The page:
Although this stylized example represents the case where individual fitness and population survival

Although this stylized example represents the case where individual fitness and population survival

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Although this stylized example represents the case where individual fitness and population survival are at odds, it is important to note that traits favored by individual- level selection may often have the incidental effect ("byproduct") of favoring population or species survival (e.g., if giving birth to fewer offspring than physiological maximum allows one to raise more surviving offspring total, as noted above -- something to be explored in detail in a later lecture) For example, many plant species have evolved chemicals that are toxic to their predators, and this keeps them from being eaten up; this has the incidental effect of reducing the chance that the species will become extinct from over-predation, but that is not why this feature evolved -- rather, it evolved because mutants who had this toxicity trait survived better and passed on this trait to more offspring than those who lacked the trait (If you don't find that example convincing, note that many plants also produce chemicals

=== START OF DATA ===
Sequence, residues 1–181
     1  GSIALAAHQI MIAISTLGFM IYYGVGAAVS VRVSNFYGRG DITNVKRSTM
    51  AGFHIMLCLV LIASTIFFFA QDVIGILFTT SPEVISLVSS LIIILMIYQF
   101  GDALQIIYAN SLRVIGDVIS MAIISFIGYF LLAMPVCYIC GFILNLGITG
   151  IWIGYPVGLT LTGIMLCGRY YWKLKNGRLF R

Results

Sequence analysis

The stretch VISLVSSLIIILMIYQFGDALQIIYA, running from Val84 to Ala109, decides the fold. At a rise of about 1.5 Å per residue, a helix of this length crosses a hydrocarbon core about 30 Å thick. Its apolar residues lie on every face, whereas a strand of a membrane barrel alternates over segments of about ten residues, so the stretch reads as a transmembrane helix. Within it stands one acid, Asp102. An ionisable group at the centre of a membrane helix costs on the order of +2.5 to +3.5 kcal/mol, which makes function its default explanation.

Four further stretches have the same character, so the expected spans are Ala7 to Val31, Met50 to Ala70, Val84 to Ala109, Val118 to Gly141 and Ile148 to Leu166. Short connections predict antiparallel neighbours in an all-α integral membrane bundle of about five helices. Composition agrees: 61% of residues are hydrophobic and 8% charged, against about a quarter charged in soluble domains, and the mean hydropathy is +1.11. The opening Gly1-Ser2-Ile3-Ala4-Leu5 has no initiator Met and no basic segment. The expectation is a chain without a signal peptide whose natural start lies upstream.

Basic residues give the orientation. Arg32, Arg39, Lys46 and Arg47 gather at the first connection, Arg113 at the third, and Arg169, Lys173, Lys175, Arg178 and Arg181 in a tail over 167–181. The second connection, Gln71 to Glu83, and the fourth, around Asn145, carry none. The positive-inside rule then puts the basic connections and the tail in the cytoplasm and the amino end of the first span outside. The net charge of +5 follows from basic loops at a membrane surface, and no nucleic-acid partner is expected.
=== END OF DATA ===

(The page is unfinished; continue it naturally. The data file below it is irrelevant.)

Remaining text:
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This note was uploaded on 11/22/2011 for the course ANT ANT2000 taught by Professor Monicaoyola during the Fall '10 term at Broward College.

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